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Dr Ben Ware on the Works of Francis Bacon (Part Two)

Posted on 24 Jan 2020

Read the first half of Dr Ben Ware's essay on how we can interpret Bacon’s art philosophically.

© The Estate of Francis Bacon. All rights reserved. DACS 2019.

Dr Ben Ware (Editor of Painting, Philosophy and Psychoanalysis) is the Co-Director of the Centre for Philosophy and the Visual Arts at King’s College London, as well as the Philosopher in Residence at the Serpentine Galleries, London. This is the second half of Ware’s essay on how we can interpret Bacon’s art philosophically.

After the existentialist reading of Bacon (outlined in part one of this essay), the second dominant philosophical approach to the artist’s work is the one put forward by Gilles Deleuze. Deleuze‘s central thesis, outlined in his 1981 study Francis Bacon: Logique de la Sensation [Francis Bacon: The Logic of Sensation] is, in some respects, a simple one. Its basic outline is given on the first page of the Preface to the English edition:

Francis Bacon’s painting is of a very special violence. Bacon, to be sure, often traffics in the violence of a depicted scene: spectacles of horror, crucifixions, prosthesis and mutilations, monsters. But these are overly facile detours, detours that the artist himself judges severely and condemns in his work. What directly interests him is a violence that is involved only with colour and line: the violence of a sensation (and not of a representation), a static or potential violence, a violence of reaction of expression.[1]

Deleuze here thus distinguishes between sensational violence (the spectacle of mutilations, monsters and screams) and the violence of a sensation (associated with colour and line), which, for him, is the real concern of Bacon’s art. The paintings, he argues, reprising Bacon’s own claims, bypass representation and act directly and violently upon the spectator’s ‘nervous system’ (a phrase which he repeats no less than ten times during the book).[2]

Deleuze’s Logic of Sensation seems to do two things at the same time: it applies the author’s own ready-made philosophical system (consisting of concepts such as ‘invisible forces’ and ‘body without organs’)[3] to Bacon’s painting at the same time as it rehearses Bacon’s own claims about his art and aesthetic outlook. The effect can, at times, be disorienting. Who, exactly, is speaking at any given moment? Is it Bacon or is it Deleuze? Is philosophy leading art or is art leading philosophy? Perhaps most problematic is Deleuze’s suggestion that all of Bacon’s paintings operate according to the same logic of sensation. By focusing exclusively on what we might call the affective dimension of Bacon’s works, Deleuze fails to give an account of just what it is that actually compels our interest in them: why do they continue to mean something to us as paintings, not just as things that might (or might not) provoke a certain neuroaesthetic response?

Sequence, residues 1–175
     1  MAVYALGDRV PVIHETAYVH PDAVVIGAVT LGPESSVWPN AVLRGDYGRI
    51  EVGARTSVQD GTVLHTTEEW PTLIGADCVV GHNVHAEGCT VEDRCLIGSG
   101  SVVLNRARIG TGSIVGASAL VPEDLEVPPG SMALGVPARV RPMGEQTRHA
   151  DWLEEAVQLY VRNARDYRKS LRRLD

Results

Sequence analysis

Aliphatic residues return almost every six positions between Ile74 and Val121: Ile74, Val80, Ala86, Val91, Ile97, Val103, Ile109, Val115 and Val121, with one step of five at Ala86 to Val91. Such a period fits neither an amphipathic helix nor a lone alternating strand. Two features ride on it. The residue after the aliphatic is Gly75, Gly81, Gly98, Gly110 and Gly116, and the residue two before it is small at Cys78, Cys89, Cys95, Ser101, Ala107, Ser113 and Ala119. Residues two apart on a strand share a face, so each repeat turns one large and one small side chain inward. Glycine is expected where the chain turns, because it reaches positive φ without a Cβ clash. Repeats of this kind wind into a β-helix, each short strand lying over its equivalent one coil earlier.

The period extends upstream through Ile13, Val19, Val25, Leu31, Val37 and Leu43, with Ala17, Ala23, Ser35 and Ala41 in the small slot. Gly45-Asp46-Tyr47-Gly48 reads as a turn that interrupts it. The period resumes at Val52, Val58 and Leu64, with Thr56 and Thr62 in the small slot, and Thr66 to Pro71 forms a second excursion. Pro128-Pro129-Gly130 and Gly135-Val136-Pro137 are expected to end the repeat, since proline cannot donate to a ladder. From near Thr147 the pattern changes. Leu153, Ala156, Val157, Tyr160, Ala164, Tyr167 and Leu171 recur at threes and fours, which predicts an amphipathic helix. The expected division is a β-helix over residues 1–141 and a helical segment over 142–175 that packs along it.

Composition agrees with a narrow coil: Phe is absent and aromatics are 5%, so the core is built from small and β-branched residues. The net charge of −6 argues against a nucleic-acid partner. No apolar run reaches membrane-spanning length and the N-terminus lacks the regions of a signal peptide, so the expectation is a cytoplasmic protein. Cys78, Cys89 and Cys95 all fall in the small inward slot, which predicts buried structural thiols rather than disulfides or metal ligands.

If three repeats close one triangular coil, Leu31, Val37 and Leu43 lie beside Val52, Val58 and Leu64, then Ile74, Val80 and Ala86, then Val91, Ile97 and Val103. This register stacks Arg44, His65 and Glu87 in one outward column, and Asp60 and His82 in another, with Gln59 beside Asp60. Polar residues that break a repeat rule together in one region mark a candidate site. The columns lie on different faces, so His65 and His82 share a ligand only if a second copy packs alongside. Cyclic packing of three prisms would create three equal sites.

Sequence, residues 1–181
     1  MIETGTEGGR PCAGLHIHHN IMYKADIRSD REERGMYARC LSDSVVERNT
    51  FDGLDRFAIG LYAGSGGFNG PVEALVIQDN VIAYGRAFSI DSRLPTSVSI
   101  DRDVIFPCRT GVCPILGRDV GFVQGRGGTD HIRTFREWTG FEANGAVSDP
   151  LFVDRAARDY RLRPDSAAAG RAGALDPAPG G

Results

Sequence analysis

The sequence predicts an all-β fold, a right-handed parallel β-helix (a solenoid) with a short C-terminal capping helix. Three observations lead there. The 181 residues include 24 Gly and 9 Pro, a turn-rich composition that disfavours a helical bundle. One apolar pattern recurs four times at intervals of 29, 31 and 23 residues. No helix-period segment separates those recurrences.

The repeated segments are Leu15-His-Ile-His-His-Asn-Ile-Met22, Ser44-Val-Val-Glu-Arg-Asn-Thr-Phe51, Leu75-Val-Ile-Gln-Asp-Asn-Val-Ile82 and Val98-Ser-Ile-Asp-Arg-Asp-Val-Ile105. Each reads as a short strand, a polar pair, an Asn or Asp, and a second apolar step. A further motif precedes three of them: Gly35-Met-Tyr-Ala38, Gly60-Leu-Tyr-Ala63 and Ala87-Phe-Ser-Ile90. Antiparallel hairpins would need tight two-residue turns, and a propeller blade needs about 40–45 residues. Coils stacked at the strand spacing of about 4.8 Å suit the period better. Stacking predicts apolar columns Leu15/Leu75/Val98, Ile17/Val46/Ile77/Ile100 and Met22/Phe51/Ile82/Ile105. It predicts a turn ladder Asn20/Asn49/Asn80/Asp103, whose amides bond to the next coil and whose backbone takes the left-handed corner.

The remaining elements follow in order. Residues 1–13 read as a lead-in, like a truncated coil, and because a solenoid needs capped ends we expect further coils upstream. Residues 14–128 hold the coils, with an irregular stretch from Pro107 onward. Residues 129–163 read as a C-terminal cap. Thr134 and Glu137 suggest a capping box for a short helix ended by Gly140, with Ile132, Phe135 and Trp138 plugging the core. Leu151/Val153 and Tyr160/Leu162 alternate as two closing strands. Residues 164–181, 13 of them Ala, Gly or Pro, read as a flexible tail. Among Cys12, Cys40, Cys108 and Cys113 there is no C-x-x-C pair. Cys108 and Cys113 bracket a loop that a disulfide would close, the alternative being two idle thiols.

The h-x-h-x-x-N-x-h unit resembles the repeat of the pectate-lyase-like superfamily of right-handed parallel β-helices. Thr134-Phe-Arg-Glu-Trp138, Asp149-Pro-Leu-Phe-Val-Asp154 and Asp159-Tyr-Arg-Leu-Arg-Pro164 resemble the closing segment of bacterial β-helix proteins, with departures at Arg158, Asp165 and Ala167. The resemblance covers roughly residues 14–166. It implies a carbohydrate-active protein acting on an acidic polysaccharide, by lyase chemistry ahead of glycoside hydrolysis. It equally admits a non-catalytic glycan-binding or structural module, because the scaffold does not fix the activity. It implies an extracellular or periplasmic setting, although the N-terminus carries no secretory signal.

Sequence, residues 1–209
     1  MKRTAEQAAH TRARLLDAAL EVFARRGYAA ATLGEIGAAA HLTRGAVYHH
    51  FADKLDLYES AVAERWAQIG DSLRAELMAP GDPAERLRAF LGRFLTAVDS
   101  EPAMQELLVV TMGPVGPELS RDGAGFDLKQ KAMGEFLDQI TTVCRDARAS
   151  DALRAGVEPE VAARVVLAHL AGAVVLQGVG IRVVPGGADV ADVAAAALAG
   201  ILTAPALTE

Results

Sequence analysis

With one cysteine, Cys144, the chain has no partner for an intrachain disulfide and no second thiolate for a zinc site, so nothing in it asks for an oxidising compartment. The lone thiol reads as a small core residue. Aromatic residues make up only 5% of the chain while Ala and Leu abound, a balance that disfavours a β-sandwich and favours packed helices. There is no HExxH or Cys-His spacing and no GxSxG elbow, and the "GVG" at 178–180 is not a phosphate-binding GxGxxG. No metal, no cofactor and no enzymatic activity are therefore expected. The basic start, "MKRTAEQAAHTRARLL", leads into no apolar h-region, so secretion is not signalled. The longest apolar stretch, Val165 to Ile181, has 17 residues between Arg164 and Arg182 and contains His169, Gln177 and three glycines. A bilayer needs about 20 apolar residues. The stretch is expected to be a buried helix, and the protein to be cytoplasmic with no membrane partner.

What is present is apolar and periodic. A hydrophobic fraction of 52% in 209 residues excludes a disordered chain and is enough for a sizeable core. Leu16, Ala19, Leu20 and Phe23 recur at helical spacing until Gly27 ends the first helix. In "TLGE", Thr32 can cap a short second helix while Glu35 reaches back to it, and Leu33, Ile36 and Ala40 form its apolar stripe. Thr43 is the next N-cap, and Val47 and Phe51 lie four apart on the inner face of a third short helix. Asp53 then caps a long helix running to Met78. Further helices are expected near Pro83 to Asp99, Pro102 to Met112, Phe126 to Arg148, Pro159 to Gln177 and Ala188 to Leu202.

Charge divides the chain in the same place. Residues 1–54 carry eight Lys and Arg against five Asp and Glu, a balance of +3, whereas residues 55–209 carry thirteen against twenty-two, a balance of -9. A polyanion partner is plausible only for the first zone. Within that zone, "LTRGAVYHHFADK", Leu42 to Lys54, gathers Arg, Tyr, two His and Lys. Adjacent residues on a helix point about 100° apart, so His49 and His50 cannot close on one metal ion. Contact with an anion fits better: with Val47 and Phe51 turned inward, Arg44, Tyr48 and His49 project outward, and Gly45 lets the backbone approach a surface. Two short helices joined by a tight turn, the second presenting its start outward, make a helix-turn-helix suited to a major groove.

© The Estate of Francis Bacon. All rights reserved. DACS 2019.

Without wishing to completely downplay the philosophical and aesthetic significance of Deleuze’s reading (a reading that did much to cement Bacon’s reputation as an intellectually serious painter), it would appear that the time is now right to open up a new theoretical dossier on Bacon’s complex and fascinating work. There are numerous directions of travel that we might take here; but one of these is certainly suggested by psychoanalysis. In his interviews with Sylvester, Bacon explains that when he makes an image ‘chance and accident take over […] and if anything ever does work, it works from the moment when consciously I don’t know what I’m doing.’[4] Painting thus involves, for Bacon, ‘thinking of nothing’ and merely making ‘marks’ upon the canvas – marks about which he ‘doesn’t know’ how they will behave.[5]

Bacon refers to this process as one of ‘unlocking’; and here we can draw a direct connection between his creative practice and the technique of psychoanalysis. At the core of psychoanalysis is the activity of free-association, whereby the analysand (patient) says immediately what comes into the mind without attempting to consciously control thought. Freud famously described it as like a passenger in a train carriage who describes to someone else inside the carriage the changing views which he sees outside the window. By using free-association to overcome the constraints imposed upon ordinary speech, it is possible, according to Freud, to expose the workings of the unconscious: ‘when conscious purposive ideas are abandoned, concealed purposive ideas assume control’ (Freud).[6] Interestingly, then, one might see Bacon’s entire creative process as an example of psychoanalysis played out in the realm of art. The patient is not cured by free-associating, she is cured when she can free-associate; and this is what Bacon does so adeptly, so uniquely, in his own aesthetic register. By relinquishing conventional narrative control and allowing new associations to form, he opens up a radically new image-space – not one of pure randomness, but one in which fragments assume a new and hitherto unimagined order.

It is certainly no coincidence that Bacon’s studio at 7 Reece Mews in London’s South Kensington famously resembled a rubbish-dump; for a rubbish-dump (of all our impressions) is precisely what the unconscious is: a strewn landscape from which the artist is able to unearth so many secret and concealed things.


1. Gilles Deleuze, Francis Bacon: The Logic of Sensation, trans. Daniel W. Smith (London: Continuum, 2003), p. x.
2. Ibid, pp. 34ff.
3. Ibid., pp. 44ff.
4. Sylvester, The Brutality of Fact, p. 54.
5. Ibid.
6. Sigmund Freud, The Interpretation of Dreams, trans. James Strachey (London: Allen Unwin, 1954).

Bacon and the Mind (Francis Bacon Studies)

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